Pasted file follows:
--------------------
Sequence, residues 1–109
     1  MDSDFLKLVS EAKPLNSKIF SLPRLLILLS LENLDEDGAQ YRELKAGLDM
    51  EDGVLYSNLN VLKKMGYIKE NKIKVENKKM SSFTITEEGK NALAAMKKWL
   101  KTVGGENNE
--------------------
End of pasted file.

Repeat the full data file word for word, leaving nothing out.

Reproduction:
Sequence, residues 1–109
     1  MDSDFLKLVS EAKPLNSKIF SLPRLLILLS LENLDEDGAQ YRELKAGLDM
    51  EDGVLYSNLN VLKKMGYIKE NKIKVENKKM SSFTITEEGK NALAAMKKWL
   101  KTVGGENNE